Trust is defined in Webster’s Dictionary as the “assured reliance on the character, ability, strength, or truth of someone or something.” We all want to believe that we can trust our civic leaders to be factual and act in our best interest. But, when our trust is violated, it takes a long time to gain our confidence again.
Currently, our city is experiencing such a conundrum relating to the Lighting and Landscaping ballot initiative. This issue was responsible for generating massive backlash against the prospect of raising Lighting District fees five-fold for a large segment of our residents. Fortunately, the Santa Clarita City Council realized the extent of the problem and reacted by cancelling the ballot initiative.
Yet, the assessment increase was not the entire issue. Within last the November 13, 2018 City Council Meeting (Agenda Item 8) staff report was the statement, “The maintenance of 13 (Santa Clarita) parks were funded through a Landscape Maintenance District (LMD) assessment and the remaining 22 parks were funded through the General fund. … This two-tiered funding … created an inequity… To correct this disparity, park related maintenance costs were shifted from local LMD zones to the Area Wide Zone that covers nearly the entire city.”
The city later published a Frequently Asked Questions (FAQ) webpage to clarify their position, which stated, “This is a combined Landscaping and Lighting District. In many cases we are able to provide an offsetting reduction in the assessment for landscape maintenance to offset the change in the assessment for streetlights.”
But, are those statements true? In order to answer the question accurately, I first have to share the definitions of the terms I will be using. The reason is that the city uses the same term in several different (and in some cases, inaccurate) ways. Therefore, if I am not precise in my language, a city spokesperson will simply use the term in a different fashion and lead the discussion in another direction.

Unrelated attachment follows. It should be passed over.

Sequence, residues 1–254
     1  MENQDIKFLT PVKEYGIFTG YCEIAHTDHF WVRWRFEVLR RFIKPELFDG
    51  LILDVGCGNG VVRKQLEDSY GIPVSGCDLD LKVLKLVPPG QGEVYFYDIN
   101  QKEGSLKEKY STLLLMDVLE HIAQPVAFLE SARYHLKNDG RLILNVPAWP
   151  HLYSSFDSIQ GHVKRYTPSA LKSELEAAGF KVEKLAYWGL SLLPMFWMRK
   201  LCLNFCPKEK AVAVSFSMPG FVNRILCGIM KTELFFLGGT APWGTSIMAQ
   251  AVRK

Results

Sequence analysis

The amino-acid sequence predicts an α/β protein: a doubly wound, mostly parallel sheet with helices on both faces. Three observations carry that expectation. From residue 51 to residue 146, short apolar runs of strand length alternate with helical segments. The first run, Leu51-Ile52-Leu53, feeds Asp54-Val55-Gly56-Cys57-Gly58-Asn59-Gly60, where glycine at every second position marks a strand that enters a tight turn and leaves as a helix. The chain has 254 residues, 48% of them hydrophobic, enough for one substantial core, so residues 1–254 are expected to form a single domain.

For example, on the city website you can find a page titled “Special Districts.” But the city does not establish or administer Special Districts. “Special Districts” are defined as encompassing “autonomous local governments with governing boards” such as the Sanitation District. The city has instead established “Benefit Assessment Districts,” which may place a “charge upon real property … for a special benefit conferred upon real property,” such as LMDs. Information about our local LMDs is described in the Santa Clarita Landscaping and Lighting Engineers Report. In generating the document, the city has chosen to use terminology from the “Landscaping and Lighting Act of 1972,” which allows the grouping of LMDs, calling them a single district with zones. But, the city labeling the totality of their LMDs as one district does not change the fact that they are individual “Benefit Assessment Districts” which must be managed separately.
In addition, the prospect of an LMD and the General Fund (or ad-valorem tax revenue) paying a portion of a governmental service cost is very common. Engineers Reports are required to determine the percentage of “Special Benefit” to be paid by the Benefit Assessment District, as well as the percentage of “General Benefit” provided to the population at large, which is to be paid by the appropriate governmental agency. To understand the “inequity” described in the November 13 staff report, I posed the question to the city’s communication manager five weeks ago, and have not yet received an answer.